Access to the PPM Journal and newsletters is FREE for clinicians.
10 Articles in Volume 13, Issue #10
Poor Adherence to Opioid Pain Management Regimens
A Practical Approach to Discontinuing NSAID Therapy Prior to a Procedure
Opioid-induced Osteoporosis: Assessing Causes and Treatments
Persistent Acute Lower Back Pain: The Importance of Psychosocial Evaluation
Research Advance Of The Year
A Day of Consulting in Rural America
Ask the Expert: Should You Test For and Treat Opioid-induced Hypogonadism?
Ask the Expert: Do NSAIDs Cause More Deaths Than Opioids?
News Briefs
Letters to the Editor

Letters to the Editor

PPM Editorial Board answers letters from readers. Can nitrous oxide potentiate pain management or eliminate pain altogether?

Question: Pain Relief After Dental Procedure

I had an unusual occurrence. A patient of mine with back pain (thought to be due to mercury poisoning) was receiving methadone for pain management and stimulants to treat attention deficit/hyperactivity disorder (ADHD). 

The gentleman went to his dentist for a dental extraction and received meperidine (Demerol) and nitrous oxide as part of the sedation during the extraction experience. When I saw him again, he reported that after the dental procedure he had complete relief of his back pain and believed that the nitrous oxide and/or Demerol played a role in his relief.  His relief lasted for 3 months, at which time he repeated the sedation, and again reported the pain was gone and was able to stop all other opioids. 

What, if any, is your experience with nitrous oxide as a facilitator for chronic pain relief?  There may be some data suggesting that it may affect the N-methyl-D-aspartate (NMDA) receptors and, in theory, could decrease pain wind up.  Any thoughts?

Scott Hompland, DO

Dear Dr. Hompland,

As you acknowledged, there is much research in the area of nitrous oxide and various pain pathways.1-5 Nitric oxide affects pain signaling associated with NMDA and tyrosine kinase proteins, but counterintuitive to your experience, it is an activator. Therefore, nitrous oxide would more likely increase pain by this mechanism. Nevertheless, some literature suggests that nitrous oxide can be helpful for inflammatory pain locally, and there are evidence utilizing nitrous oxide inhibitors to reverse hyperalgesia and opioid tolerance.

Jeff Fudin, BS, PharmD

Your experience isn’t really unexpected or, in some ways, not unusual. What you really touch upon is the theory of “re-set”. This theory, principally expounded by practitioners of electromagnetic medicine, is that some challenge to the neurophysiologic systems may cause re-programming. Nitrous oxide and meperidine are both potent agents that can have an immediate effect on receptors and neurotransmission. For example, a local anesthetic, such as lidocaine, procaine, or bupivacaine, when given as a local ”trigger point” injection or topical application may “re-set” electrical transmission and provide temporary or even permanent “cure of pain” because the nerve membrane electrical potentials are altered.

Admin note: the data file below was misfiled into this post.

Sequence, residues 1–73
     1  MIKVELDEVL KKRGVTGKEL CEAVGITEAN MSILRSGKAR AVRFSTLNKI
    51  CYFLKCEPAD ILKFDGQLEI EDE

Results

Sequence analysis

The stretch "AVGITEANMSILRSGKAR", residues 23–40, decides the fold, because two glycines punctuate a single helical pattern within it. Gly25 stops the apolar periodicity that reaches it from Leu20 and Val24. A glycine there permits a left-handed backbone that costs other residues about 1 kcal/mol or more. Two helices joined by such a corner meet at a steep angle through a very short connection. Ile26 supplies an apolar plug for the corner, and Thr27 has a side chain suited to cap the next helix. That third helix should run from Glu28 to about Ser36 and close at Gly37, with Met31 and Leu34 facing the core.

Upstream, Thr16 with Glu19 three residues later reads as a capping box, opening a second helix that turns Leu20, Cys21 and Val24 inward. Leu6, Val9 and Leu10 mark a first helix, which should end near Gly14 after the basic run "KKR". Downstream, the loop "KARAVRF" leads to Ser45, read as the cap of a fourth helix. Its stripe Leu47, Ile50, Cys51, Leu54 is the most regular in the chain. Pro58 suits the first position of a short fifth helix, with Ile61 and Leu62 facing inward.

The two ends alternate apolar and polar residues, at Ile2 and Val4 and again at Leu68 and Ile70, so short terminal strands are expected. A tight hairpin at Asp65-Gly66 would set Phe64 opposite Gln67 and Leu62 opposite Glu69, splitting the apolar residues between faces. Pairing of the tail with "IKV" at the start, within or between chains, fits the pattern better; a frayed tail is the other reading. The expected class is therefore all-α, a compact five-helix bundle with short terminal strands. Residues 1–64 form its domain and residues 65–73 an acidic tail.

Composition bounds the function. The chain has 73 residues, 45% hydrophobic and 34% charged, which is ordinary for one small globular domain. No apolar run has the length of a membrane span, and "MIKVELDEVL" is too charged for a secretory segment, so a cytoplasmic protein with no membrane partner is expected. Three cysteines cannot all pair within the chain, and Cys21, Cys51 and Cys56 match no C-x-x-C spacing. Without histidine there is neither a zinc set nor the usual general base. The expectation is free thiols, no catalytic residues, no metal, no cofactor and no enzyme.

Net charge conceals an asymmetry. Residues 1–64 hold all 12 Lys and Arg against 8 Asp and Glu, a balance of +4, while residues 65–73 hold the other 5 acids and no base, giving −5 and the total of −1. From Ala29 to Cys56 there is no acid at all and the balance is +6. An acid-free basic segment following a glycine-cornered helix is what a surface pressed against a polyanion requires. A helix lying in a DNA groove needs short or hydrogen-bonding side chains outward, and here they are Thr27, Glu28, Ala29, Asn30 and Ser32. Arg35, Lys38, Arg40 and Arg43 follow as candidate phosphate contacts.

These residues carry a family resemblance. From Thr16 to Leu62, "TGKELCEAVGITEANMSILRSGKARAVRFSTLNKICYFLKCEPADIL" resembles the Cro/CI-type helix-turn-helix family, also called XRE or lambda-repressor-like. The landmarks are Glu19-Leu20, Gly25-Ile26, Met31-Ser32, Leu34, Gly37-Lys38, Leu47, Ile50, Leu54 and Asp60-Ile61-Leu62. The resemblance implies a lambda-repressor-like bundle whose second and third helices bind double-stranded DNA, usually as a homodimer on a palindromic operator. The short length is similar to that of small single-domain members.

I assume that you have witnessed a re-set of receptors and electrical transmission due to nitrous oxide and/or meperidine. Perhaps it is worth noting that meperidine may produce pain relief in an occasional patient when no other agent will do so.  All in all, I very much appreciate your observation since it makes us all “think outside the box.”  Do you know of anyone who has given nitrous oxide at low doses in an ambulatory clinic?  Perhaps someone should try it.  Thanks for sharing your stimulating observations.

Forest Tennant, MD, DrPH

I know of nitrous oxide being used to help in labor for pain, as well as an adjunct in interventional procedures (ie, cryoablation), but I’ve never heard of it being used, and more importantly, having effects lasting 3 months, for chronic lower back pain.

Gary Jay, MD

Nitrous oxide use goes back to the 1840s, when a dentist named Horace Wells (associate of William Morton of ether fame) began using it for pain relief and anesthesia during dental procedures. Demerol has been taken off formulary in many hospitals because of the rare seizure side effects. At Scripps, for example, meperidine can only be used for the treatment of shivering. The combination of nitrous oxide and meperidine could have a synergistic effect—Demerol also has a local anesthetic effect and this could also play a role in this case.

Joseph Shurman, MD

Last updated on: May 19, 2015
close X